I want to focus on flooring in this article. First of all, when you have pets of any kind, you will have some kind of accident, no matter the age of your pet. Pets can't let themselves out to toilet when diarrhea strikes or they have a bladder problem. So messes will happen. Non absorbent flooring is best for the areas your pet will spend most of the time. There are many choices and they all have good points and bad points.Here is some help for you.
As a veterinarian, I see pets that have become accustomed to walking, sleeping and playing on vinyl, carpet or older hardwood. Then after remodeling is finished, there is the rude awakening to slick laminate flooring. Laminate is a very good flooring product for many reasons.It is relatively easy to install, quiet, easy on our feet, can be damp mopped and comes in many colors. From the pet's perspective there are some problems. Laminate is slick, and hard for a dog's pads to get good contact. The dog's nails typically skate right across the floor. This is like walking on the sidewalk after an ice storm.It is more difficult for a dog to get good traction on the floor even when it is dry.In small breed and young dogs this is not too bad. They may take a fall or slide around, then figure out how to walk slower or with more weight on the back legs to maneuver on the laminate. Older and large breed dogs tend to have more trouble walking on laminate. The larger body size makes it more difficult to maneuver over a slick surface.Many large dogs have had their back legs splay out like a cheerleader when turning suddenly or running into a room with laminate. Some dogs may even fall or stumble and hurt themselves.At this point, the dog may avoid walking on the laminate flooring altogether. Pets clearly feel the difference between the laminate and other flooring. I have had clients ask why their dog is barking or whining at the entry to the kitchen after replacing the floor with laminate. It is because there may have been a fall that caused pain or it is just too hard to make it across the slick surface. They want your help to get them across. You can put a runner or area rugs down to give the dog a path to walk on, but this may be defeating the purpose of putting down the laminate. Now you may be resenting your dog's need for the runners, or bothered by having to help your dog to relearn walking across the kitchen floor.
Cats either love the laminate or have trouble too. Since the laminate is so slick, some cats like to go racing through the house and take a belly flop sliding along the floor for fun. Now this may not be fun for you the human as you are trying to walk across your kitchen with your hot coffee in the morning. Sometimes it is difficult for a cat to jump on a counter or feeding station because the slick floor causes their back legs to slide out. The cat then does not get the full power of the jump and may miss the edge, falling to the floor. At this point the cat will typically meow woefully below the counter for you to pick them up and help them out. This is where you start to wonder why your cat is going crazy. But is it?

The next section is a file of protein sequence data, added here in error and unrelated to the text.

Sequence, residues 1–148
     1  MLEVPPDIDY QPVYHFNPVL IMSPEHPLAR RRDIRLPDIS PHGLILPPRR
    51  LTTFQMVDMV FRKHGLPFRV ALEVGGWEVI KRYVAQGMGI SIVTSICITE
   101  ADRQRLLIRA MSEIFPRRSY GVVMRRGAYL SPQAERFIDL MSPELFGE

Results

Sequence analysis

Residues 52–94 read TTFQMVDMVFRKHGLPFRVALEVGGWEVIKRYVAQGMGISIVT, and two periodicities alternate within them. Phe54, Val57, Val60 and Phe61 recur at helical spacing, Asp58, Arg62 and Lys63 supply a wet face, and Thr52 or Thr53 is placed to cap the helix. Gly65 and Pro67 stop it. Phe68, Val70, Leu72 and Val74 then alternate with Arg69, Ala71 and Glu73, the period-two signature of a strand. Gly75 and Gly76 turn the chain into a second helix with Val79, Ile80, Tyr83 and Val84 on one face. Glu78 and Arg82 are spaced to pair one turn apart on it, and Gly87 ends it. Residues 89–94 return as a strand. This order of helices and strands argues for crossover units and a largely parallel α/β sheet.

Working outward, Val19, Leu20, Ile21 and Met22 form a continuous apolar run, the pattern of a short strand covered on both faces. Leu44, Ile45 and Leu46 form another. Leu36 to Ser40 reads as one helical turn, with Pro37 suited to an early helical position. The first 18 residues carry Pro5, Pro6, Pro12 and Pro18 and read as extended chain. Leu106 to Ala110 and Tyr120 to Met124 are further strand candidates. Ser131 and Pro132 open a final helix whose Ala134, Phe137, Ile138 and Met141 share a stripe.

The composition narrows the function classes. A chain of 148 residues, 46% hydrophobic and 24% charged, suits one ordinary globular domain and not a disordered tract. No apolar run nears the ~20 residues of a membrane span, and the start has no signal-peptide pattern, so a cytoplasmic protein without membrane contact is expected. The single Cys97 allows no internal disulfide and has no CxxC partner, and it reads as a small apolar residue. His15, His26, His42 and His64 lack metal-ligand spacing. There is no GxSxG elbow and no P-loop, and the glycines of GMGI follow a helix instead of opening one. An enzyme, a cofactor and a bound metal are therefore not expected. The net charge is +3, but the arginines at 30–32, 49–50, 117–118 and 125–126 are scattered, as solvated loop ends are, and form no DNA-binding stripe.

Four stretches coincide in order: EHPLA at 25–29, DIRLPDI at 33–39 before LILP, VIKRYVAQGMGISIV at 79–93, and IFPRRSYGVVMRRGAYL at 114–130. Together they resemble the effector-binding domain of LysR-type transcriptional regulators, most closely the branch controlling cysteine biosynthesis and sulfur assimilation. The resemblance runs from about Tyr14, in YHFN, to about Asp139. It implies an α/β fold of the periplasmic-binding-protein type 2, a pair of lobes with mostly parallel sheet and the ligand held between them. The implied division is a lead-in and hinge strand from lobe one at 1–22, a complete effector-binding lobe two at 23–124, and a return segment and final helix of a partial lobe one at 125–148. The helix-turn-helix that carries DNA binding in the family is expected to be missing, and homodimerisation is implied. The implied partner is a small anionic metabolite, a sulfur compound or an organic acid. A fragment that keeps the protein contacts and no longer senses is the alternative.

There are other flooring choices that can give you the wood look without the upkeep or cost.Wood imitation vinyl is a very good product.This is not the sheet vinyl that is printed, but actual strips of vinyl that are textured and fully colored to imitate wood very closely. I saw this in a nursing home and had to touch the floor to believe it was not real wood or laminate. I thought "This stuff has to be pretty good to stand up to wheelchairs and all the wear and tear at a nursing home!" This seemed to be a good choice where there would be a lot of traffic, and possible accidents. So, I talked to Liam O'Sullivan at Custom Flooring and Acoustics in Champaign, and Stephanie resident interior designer at Tuscola Do it Best Home Center to learn more about the flooring. Some facts that came out of our conversation was that the vinyl is directly glued down, preventing fluids from being able to seep through joints as easily as compared to wood or laminate. This is a big help when accidents cannot be cleaned up immediately. The backing of the laminate is wood, so urine can seep through the joints and be very difficult to get out. This will increase odor retention in laminate adding to housebreaking problems. So for older pets, sick pets or puppies the vinyl will be best. This type of vinyl is also very scratch resistant - great if you have large dogs with big nails. Installation and material costs are similar to better grade laminates so it fits into many remodeling budgets.
Other flooring choices that can be considered are ceramic tile that has some texture to it. The grout has to be considered for accidents as well, although it can be sealed. Tile is hard - watch out for dropping dishes - but the slip resistance and scratch resistant to nails is very good.Installation can be more expensive for ceramic tile, but it is extremely durable.
You can always look at areas in your home for traffic, how you and your pets live and talk to a flooring specialist before you make the time and money investment in flooring. It may be best to use a combination of flooring products picking the best looking and functioning product for the area while still getting a great look. You can reach Liam O'Sullivan (217) 356-8742 or Stephanie at Do it Best at (217) 253-8044. Give us a call at (217) 253-3221 or email us and we can help you think of what your pet needs for a beautiful home as well. Comment on this and other articles at my blog "Know your pet."
- written by Dr. Sally Foote